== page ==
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Kyle Smith (Twitter: @rkylesmith) is a film critic for The New York Post and the author of the novels Love Monkey and A Christmas Caroline. Type a title in the box above to locate a review.

Buy Love Monkey for $4! "Hilarious"--Maslin, NY Times. "Exceedingly readable and wickedly funny romantic comedy"--S.F. Chronicle. "Loud and brash, a helluva lot of fun"--Entertainment Weekly. "Engaging romp, laugh-out-loud funny"-CNN. "Shrewd, self-deprecating, oh-so-witty. Smith's ruthless humor knows no bounds"--NPR

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    Conquest’s Law (Cont.)

    By Kyle | September 19, 2011

    It’s kind of hilarious to read all about how evolutionary biologist Richard Dawkins is an insistent statist, Obama fan, etc. Because on the subject on which he is actually an expert, it’s a different story:

    Professor Dawkins’s voice slides playfully into High David Attenborough style as he mimics the mellifluous tone of BBC documentaries of the time: “The dung beetle is the refuse collector of the natural system, and where would we be without them? And male deer fight but take care not to kill each other.”

    He stops. “That sort of thinking was pretty dominant in the culture.” Artful pause. “And it’s plain wrong. I wanted to correct that ubiquitous misunderstanding.”

    Genes, he says, try to maximize their chance of survival. The successful ones crawl down through the generations. The losers, and their hosts, die off. A gene for helping the group could not persist if it endangered the survival of the individual.

    Such insights were in the intellectual air by the mid-1960s. But Professor Dawkins grasped the power of metaphor — that selfish gene — and so made the idea come alive. Andrew Read, a professor of natural history at Penn State, recalls reading “The Selfish Gene” and feeling his world change.

    “Gone in a stroke was the intellectually barren ‘it just is’ hypothesis,” he wrote in an essay. “ ‘The Selfish Gene’ crystallized it and made it impossible to ignore.”

    Not everyone bought the argument. The moral implications proved deeply troubling, suggesting that altruism disguised selfish, gene-driven behavior. “Many readers experienced the book as a psychic trauma,” wrote Dr. Randolph Nesse, a professor of psychiatry at the University of Michigan. “It turned their moral worlds upside down.”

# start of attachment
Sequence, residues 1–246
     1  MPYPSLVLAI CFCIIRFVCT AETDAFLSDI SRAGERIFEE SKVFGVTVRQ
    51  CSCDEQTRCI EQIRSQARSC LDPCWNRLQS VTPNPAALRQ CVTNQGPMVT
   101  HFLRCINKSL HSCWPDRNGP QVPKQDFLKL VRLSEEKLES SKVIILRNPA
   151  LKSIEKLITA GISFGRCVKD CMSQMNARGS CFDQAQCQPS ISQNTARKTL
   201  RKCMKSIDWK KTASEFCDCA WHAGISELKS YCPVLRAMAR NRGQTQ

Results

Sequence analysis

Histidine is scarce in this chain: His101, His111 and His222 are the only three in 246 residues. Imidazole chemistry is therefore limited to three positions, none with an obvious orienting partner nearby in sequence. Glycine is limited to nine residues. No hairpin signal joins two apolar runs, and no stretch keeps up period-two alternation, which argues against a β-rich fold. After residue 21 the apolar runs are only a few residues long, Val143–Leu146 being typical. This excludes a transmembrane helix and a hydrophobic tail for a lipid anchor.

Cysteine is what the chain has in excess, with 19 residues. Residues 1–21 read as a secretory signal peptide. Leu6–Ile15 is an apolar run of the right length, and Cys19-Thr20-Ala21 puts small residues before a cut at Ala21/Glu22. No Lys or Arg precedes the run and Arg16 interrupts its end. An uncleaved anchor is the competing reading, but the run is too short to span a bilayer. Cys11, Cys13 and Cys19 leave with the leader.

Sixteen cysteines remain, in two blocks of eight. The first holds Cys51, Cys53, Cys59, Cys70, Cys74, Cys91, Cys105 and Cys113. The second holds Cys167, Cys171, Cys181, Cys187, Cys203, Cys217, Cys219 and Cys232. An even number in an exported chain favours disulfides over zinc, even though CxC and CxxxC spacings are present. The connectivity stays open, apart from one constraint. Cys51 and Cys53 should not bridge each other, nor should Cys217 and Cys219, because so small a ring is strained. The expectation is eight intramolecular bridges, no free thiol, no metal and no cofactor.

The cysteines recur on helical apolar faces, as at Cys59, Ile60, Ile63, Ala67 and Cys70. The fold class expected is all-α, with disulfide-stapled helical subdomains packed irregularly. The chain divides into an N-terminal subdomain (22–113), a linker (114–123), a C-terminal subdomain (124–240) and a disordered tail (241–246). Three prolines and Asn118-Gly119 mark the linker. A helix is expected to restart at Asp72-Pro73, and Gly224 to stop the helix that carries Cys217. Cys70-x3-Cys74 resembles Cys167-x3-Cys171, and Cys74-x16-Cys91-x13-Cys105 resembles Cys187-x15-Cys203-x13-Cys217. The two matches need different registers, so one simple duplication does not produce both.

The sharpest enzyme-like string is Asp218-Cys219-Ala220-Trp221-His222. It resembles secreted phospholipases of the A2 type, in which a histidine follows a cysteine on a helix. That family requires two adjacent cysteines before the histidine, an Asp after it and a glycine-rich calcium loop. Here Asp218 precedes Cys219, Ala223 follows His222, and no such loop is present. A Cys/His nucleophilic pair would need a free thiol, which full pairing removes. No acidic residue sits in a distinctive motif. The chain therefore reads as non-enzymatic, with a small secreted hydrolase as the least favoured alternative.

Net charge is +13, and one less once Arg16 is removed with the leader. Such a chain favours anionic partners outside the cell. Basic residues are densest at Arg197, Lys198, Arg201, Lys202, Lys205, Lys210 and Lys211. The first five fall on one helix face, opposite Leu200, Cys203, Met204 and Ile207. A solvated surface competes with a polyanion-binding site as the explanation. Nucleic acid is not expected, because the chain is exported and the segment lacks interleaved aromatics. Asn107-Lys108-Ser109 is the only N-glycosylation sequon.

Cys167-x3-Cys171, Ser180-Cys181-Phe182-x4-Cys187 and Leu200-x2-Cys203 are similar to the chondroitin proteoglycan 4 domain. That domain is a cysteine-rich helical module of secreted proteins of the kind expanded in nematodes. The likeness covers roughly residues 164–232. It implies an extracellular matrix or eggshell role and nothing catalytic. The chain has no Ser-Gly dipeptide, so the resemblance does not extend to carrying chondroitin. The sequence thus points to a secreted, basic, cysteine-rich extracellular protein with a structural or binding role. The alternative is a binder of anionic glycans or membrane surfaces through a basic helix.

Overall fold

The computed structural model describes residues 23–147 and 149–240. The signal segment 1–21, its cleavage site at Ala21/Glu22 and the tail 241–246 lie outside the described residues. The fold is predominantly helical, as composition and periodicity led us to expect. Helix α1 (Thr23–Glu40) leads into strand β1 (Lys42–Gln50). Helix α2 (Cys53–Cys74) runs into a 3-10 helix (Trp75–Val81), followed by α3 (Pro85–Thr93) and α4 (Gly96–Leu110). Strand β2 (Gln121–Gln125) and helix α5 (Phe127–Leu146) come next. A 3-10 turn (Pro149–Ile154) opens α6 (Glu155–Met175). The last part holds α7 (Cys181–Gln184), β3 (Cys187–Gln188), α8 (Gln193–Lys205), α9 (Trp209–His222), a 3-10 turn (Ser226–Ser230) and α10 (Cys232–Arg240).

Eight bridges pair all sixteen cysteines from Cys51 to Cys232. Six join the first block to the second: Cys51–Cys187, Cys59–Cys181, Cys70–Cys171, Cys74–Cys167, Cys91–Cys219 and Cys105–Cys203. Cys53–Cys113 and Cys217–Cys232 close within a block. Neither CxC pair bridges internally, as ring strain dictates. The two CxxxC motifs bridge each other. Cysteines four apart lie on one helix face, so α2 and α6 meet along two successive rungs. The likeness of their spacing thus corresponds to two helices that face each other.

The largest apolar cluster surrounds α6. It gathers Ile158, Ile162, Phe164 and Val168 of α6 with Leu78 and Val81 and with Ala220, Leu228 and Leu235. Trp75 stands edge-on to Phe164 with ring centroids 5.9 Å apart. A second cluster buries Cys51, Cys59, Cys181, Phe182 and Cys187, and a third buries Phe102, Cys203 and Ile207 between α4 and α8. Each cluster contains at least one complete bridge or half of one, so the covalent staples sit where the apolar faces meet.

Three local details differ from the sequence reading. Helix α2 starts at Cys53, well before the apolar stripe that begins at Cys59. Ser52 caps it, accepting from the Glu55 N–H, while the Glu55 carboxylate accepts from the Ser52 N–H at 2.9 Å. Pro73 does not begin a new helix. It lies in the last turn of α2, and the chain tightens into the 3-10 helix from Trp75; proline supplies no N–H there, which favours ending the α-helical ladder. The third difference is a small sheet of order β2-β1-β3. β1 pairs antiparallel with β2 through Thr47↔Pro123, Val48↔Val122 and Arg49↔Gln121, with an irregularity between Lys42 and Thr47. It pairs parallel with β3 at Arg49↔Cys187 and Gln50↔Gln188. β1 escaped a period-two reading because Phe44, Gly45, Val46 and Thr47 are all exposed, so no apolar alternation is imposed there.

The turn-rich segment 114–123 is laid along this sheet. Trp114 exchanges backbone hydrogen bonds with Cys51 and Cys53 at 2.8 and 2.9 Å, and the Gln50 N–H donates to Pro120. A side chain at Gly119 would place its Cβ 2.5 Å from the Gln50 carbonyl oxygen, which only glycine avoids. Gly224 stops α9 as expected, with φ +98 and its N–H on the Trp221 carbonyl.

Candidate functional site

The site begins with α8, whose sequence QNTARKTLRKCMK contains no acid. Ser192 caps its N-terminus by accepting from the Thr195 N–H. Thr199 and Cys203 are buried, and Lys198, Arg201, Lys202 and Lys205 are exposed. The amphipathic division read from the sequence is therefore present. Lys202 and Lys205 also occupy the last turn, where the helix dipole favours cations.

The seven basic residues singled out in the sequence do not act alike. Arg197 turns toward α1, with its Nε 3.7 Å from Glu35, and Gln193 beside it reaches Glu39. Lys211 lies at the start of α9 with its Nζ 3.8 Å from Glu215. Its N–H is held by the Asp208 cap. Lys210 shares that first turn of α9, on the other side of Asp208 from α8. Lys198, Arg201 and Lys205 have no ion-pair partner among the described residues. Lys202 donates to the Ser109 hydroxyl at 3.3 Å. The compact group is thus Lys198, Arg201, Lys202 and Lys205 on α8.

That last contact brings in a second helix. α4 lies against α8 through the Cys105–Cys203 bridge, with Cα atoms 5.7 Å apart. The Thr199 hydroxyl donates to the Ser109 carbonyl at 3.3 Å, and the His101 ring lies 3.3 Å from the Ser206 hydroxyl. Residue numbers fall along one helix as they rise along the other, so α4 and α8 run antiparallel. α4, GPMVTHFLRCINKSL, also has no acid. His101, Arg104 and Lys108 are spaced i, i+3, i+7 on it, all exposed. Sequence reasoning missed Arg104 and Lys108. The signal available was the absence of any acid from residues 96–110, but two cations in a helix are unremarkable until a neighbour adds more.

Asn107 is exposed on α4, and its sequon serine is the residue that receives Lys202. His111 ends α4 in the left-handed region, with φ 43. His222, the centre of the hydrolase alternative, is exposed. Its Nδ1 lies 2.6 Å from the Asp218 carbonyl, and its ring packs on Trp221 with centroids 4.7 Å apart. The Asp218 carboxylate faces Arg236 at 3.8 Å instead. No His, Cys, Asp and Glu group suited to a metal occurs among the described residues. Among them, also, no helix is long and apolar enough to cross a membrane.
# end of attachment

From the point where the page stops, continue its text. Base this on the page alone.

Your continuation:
Prominent scientists and intellectuals cast Professor Dawkins as the herald angel of a selfish culture, accusing him and his fellow sociobiologists of setting the cultural stage for the “I got mine” age of Ronald Reagan and Margaret Thatcher.

    Dawkins knows ruthless competition and individualism are the way the world works, always and forever, yet he votes for politicians who hold the opposite philosophy. As Robert Conquest said, “Everybody is reactionary on subjects he knows about.”

    Topics: Philosophy, Politics | 5 Comments »

    5 Responses to “Conquest’s Law (Cont.)”

    1. K Says:
      September 19th, 2011 at 2:55 pm

      Fellow worker, it depends on the dominant organism, doesn’t it? The hive protects itself ruthlessly as an organism but the individual bees are totally screwed.

      The more people in the world, the more like a collective organism we become. An excellent libertarian argument for population control.

    2. Sherlock Says:
      September 19th, 2011 at 3:55 pm

      It’s not as if there’s nothing selfish or egoistic about rent-seeking, socialism, lobby groups, welfare payments, union payoffs, government jobs, sinecures, monopolies, subsidies, tariffs, bailouts, sweetheart deals, cash-transfer programs, and all the other varieties of government-assisted greed. But it’s the very definition of selfishness and self-interested behaviour to enrich yourself at the expense of society. Society at large is poorer for every example of rent-seeking.

    3. kishke Says:
      September 19th, 2011 at 8:56 pm

      It’s not as if there’s nothing selfish or egoistic about rent-seeking, socialism, lobby groups, welfare payments, union payoffs, government jobs, sinecures, monopolies, subsidies, tariffs, bailouts, sweetheart deals, cash-transfer programs, and all the other varieties of government-assisted greed.

      Sure there is, but their proponents don’t admit it, which is Kyle’s point.

    4. yankeefan Says:
      September 21st, 2011 at 10:06 am

      ” ruthless competition and individualism are the way the world works, always and forever”

      The vast majority of human history, over tens of thousands of years, has been defined by tribalism and some sort of community identity. Competition between tribes, yes. But individualism is a relatively new concept, a relative blip thusfar in human development. Could ultimately prove to be a blip. And Western individualism isn’t even as individualistic in practice as advertised.

      Competition among groups has been a constant. But so has cooperation. As for evolutionary biology, altruism and selflessness have survival value, in addition to selfishness.

    5. Jay Says:
      October 31st, 2011 at 2:20 pm

      “But individualism is a relatively new concept, a relative blip thusfar in human development.”

      Correction: conscious individualism is a relatively new concept. Unconscious individualism has been part of human nature since the beginning.

      It’s not a blip, either. It’s only a blip when you’re looking at time in reverse. The evolution of intellectualism and brain growth has progressively established stronger self-consciousness i.e. the individual, and with this comes the decreasing need to rely on the tribalism that primitive man required for protection; this is unconscious individualism.

      Conscious individualism i.e. the recognition of the division of labor and it’s according free-market is the now and future of human evolution.

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